Dehydrated and injured by porcupine quills — Hooper Bay, Huslia, Stebbens, Gannet and X-ray were named after the firefighters who rescued them and the area in which they were found. The fire crews heard the abandoned wolf pups making noise while working to secure the western flank of a massive wild fire on the Kenai Peninsula
While the names may not stick, the three males and two female pups may survive after being taken to the Alaska Zoo by Alaska Department of Fish and Game staff.
The two-week-old pups were rescued from a den near Kasilof, said firefighter Brian Nichols who was on one of crews that found the pups.
“We actually cut through part of the den with the dozer and just kept going. Nobody realized anything, that was three or four days ago,” he said. “Yesterday, a couple of guys were sitting there mopping up … and saw (one) come out.”
The pups were in bad shape by the time Fish and Game wildlife biologist Jeff Selinger and Deputy Refuge Manager Steve Miller got to see them.
“All of them were injured by a porcupine and dehydrated,” Miller said.
The pups were determined to have been abandoned because of their dehydration, Miller said.
Two medics who were with the firefighting crew pulled some of the quills out, but didn’t feel comfortable pulling all of them out.
“Some had been abscessed,” Miller said.
Several firefighters got to hold the pups as Fish and Game and Refuge staff fed them a glucose mixture to help hydrate the worn out pups.
“It’s just like a holding a dog,” Nichols said. “They were hungry and trying to suckle on anything. It was just like holding a puppy, they’re so young they don’t know any better.”
So, the puppies were taken to Anchorage where Alaska Zoo managers were able to pull the rest of the quills out.
At least one of the pups, the runt, is on antibiotics and is being fed more to help him fatten him up.
“He got a lot of quills,” said Shannon Jensen, curator at the Alaska Zoo.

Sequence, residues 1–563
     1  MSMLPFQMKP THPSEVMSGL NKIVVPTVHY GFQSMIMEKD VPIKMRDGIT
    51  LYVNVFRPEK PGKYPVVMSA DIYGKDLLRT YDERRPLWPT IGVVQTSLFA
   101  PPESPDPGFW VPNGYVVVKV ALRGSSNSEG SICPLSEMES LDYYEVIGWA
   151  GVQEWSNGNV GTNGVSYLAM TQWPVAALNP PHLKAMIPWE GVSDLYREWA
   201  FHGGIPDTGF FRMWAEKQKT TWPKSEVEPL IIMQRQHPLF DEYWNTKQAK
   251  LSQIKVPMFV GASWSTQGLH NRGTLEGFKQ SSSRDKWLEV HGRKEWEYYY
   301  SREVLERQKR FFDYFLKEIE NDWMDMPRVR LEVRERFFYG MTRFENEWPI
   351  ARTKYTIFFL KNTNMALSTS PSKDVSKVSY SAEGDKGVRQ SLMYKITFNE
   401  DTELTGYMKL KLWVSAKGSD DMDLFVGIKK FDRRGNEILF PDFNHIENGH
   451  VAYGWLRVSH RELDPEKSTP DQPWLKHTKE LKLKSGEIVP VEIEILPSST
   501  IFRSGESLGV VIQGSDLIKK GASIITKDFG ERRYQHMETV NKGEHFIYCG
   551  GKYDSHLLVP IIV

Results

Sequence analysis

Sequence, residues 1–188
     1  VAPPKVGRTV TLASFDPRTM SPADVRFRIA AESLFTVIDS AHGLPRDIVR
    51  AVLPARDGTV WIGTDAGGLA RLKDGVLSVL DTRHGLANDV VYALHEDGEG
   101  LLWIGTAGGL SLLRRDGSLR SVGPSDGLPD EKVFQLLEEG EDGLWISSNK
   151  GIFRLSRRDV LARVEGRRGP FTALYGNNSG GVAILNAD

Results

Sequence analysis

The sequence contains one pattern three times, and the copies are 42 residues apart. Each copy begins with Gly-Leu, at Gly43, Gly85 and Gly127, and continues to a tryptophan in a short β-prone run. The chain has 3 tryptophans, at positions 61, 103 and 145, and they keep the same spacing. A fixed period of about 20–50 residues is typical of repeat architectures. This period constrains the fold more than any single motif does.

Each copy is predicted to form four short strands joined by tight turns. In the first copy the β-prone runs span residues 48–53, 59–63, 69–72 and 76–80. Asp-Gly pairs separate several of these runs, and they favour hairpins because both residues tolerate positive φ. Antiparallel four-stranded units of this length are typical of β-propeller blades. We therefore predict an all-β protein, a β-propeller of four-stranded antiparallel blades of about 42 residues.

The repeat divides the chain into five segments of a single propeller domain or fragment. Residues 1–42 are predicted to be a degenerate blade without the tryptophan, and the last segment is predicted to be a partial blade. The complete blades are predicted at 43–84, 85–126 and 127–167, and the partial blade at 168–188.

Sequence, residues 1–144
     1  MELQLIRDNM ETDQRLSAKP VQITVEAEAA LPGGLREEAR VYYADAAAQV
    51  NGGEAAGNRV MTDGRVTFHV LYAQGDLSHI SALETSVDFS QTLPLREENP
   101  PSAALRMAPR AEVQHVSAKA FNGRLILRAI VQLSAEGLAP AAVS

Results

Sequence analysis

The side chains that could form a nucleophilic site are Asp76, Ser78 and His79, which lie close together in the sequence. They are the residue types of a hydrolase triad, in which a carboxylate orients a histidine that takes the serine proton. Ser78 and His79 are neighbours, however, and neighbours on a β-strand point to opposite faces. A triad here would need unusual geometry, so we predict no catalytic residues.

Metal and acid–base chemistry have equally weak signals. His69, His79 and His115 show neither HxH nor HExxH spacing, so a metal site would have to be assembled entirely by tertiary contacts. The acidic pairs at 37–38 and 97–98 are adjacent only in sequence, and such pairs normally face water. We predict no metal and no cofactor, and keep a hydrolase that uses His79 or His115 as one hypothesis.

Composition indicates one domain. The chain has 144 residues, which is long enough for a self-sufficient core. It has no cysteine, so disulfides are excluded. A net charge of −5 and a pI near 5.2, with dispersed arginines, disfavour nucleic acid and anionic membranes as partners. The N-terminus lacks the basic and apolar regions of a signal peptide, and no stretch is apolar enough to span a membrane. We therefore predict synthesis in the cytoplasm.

The pups are being fed milk replacer and handled extensively by zoo staff who are bottle feeding.
“They seem to be OK with the situation, as long as we’re feeding them,” she said.
Jensen said she doesn’t think it will be hard to get them adopted out.
“There’s one that howls, it’s pretty cute. It’s adorable,” Jensen said.
Firefighters have spotted several other animals as they’ve been fighting to keep the 186,862 acre wildfire out of area communities, Miller said. These include a moose and calf, a brown bear with two cubs and a black bear with three cubs.
“We saw one baby moose when we were cutting the line,” Nichols said. “It was about a day-old baby moose. It followed one of the dozer bosses around for a while and then mama came back and was not amused.”
Updated at 3:30 p.m. Friday:
The five wolf pups have found a new home at the Minnesota Zoo, south of Minneapolis-St. Paul in Apple Valley, Minnesota., according to an Alaska Department of Fish and Game media release.
The zoo has offered to take the entire litter and will receive a permit to house them permanently, according to the release.
The pups are still at the Alaska Zoo and will remain there until they are healthy and old enough to transport, according to the release.
Reach Rashah McChesney at firstname.lastname@example.org